Tuesday, February 07, 2006

Color de Brillianti

I was just about to skip watching Rang De Basanti, like I allowed myself, in the recent past, to miss other (potentially) good movies like Amu. That didn't happen though because a friend strongly suggested I go and watch the movie, more so because "... that guy who plays Anupam Kher's son, I forget his name, his eyes and mannerisms are quite like yours...". Intrigued as I was, I did end up watching the movie. And this is what I wrote to my friend:

... now, thanks for recommending the movie. I LOVED IT. I think such movies are made only once in few years. I liked almost every bit of it. Yes, I agree the end could have been a little less dramatic, but the sheer brilliance in most of the other parts of the movie was enough for a cynic viewer like me to forgive the drama. So, I liked it, will watch it again [I did infact watch it again], highly recommended to anyone who has not seen it. I liked several things, particularly:

1. At a subconscious level, I have been a proponent of delivering content (in this case the script of the movie) by having two tracks. For example, in the movie we had a story from the early 1900s and a story from the early 2000s. I think this helps gripping viewer interest/concentration and the parallels that can be drawn, interspersing fundas from the two stories can be brilliant. I subconciously made several attempts doing so in my blog posts, an example is
http://zombieworld.blogspot.com/2005/07/bad-times-good-spirits.html (the backdrop is a ghazal, which I totally love, and in the normal course I am talking about what my colleagues and I went through).
2. I like the subtle attempt at introducing religion [at the least an attempt at understanding what it stands for] to the youth. I was fortunate enough to meet an uncle of mine who said something similar. Read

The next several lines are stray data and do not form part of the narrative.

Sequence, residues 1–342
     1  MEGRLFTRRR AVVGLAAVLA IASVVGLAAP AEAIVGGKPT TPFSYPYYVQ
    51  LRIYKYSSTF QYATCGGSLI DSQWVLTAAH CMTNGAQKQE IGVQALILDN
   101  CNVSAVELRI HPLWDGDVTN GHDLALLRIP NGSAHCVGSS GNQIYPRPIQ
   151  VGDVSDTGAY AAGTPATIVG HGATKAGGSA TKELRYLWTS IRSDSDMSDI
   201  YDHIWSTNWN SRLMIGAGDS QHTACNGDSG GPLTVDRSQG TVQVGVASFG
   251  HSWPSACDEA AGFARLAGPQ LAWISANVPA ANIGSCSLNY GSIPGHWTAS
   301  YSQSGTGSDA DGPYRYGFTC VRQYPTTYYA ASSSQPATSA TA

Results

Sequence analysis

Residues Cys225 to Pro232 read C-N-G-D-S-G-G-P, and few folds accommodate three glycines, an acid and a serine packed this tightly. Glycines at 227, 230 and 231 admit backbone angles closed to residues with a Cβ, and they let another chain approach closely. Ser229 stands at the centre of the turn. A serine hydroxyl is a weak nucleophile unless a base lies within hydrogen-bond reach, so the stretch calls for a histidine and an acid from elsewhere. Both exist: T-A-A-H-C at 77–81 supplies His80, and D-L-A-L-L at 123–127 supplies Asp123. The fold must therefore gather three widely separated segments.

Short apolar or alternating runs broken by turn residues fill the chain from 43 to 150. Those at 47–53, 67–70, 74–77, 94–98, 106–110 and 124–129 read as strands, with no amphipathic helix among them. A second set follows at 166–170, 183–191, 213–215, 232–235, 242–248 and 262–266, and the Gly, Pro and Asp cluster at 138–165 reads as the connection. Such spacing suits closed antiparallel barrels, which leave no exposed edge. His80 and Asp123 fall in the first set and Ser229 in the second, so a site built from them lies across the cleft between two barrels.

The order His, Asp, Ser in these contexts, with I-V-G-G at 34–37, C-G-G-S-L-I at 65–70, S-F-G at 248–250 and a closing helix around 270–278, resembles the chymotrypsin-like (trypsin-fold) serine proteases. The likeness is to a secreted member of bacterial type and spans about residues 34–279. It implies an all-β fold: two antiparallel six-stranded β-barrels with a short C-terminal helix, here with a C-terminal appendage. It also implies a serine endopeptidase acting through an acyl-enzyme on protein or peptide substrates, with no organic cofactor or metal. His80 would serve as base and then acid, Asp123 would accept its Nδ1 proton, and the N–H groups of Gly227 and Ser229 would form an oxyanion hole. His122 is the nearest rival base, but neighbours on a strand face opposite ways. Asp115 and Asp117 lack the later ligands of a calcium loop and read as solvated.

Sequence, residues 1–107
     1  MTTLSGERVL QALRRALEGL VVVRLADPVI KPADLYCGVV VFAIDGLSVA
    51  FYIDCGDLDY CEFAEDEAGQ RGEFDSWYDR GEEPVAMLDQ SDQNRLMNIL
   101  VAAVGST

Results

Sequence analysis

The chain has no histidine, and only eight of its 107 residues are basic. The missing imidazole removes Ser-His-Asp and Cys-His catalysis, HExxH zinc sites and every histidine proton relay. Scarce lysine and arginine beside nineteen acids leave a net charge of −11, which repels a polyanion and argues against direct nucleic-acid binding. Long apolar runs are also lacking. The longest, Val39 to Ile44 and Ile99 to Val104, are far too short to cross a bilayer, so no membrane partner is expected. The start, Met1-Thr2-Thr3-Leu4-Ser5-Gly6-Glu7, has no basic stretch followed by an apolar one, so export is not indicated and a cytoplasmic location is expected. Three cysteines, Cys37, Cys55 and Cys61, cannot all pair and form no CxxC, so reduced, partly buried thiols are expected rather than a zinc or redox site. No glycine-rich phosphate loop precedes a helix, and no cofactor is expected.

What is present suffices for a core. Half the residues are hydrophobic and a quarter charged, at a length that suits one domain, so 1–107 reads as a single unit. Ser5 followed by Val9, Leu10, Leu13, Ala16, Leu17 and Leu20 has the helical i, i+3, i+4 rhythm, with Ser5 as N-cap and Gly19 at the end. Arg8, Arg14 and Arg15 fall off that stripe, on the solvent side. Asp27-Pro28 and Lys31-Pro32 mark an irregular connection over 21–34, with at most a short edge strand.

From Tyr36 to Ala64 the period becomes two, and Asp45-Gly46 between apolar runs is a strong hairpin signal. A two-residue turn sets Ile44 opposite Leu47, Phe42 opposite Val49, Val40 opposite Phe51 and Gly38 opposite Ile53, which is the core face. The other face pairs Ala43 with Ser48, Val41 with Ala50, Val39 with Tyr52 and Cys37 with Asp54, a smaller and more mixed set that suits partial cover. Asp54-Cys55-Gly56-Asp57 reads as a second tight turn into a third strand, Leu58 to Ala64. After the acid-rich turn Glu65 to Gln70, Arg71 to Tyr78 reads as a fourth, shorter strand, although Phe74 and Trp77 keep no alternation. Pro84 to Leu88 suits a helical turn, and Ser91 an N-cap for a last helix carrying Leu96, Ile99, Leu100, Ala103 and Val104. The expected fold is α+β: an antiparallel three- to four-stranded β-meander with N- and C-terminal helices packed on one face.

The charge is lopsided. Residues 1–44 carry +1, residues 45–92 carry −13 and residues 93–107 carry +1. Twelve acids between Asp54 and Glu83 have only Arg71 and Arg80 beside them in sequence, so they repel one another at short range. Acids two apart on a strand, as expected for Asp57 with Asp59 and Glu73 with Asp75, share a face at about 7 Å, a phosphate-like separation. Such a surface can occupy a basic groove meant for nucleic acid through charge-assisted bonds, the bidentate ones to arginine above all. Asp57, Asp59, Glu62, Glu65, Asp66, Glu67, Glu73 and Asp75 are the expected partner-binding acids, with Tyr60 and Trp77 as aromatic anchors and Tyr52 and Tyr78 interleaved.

http://zombieworld.blogspot.com/2005/09/being-spiritual.html. Co-incidentally, this is the same Paath, which is in the movie. A post of mine which attempts to combine 1 (two tracks) and 2 (religion) is at http://zombieworld.blogspot.com/2005/11/humorous-interpretations-of-god.html.
3. I have been personally pained by the crash of MiG 21s. Living in Chandigarh, one can read about a crashed MiG more frequently than one cares to. So I am kind of satiated that this has been brought to the fore.
4. I had a chance to be at several funerals of army men, mostly young lads, who were brave enough to stop thinking about themselves and capture a hill post for the nation. I have friends in the Indian army who at 20 something are sitting in Arunachal Pradesh and guarding the Indian border from the Chinese. These are the real men of honor, we are sissies. I could totally relate to the rage of the junta at seeing a young and handsome one of theirs die - go to a place where no one comes back from. The sequence in the movie is still a peace time army man funeral. During war time - like the ones I witnessed while in Kasauli during the Kargil war - are a time of enraged emotions and very moving.
5. Like any other 20 something, I am also clueless about where life is heading - this is fairly a no-brainer.

6. The sequence towards the end in which the youth of the nation are shown enraged at the "death of democracy" is just brilliantly done. I mean not for once did any of the about 30 characters in that sequence seem to be acting. Not their dialogues, not their accent. So the correspondent in Calcutta was with people who had a genuine Bengali accent, and so on for Kashmiri, and others. The role of NDTV was integrated really well into the movie, I haven't seem any comparable integration of the depiction of "media" into a Hindi movie. Of course, several English movies exist with such integration.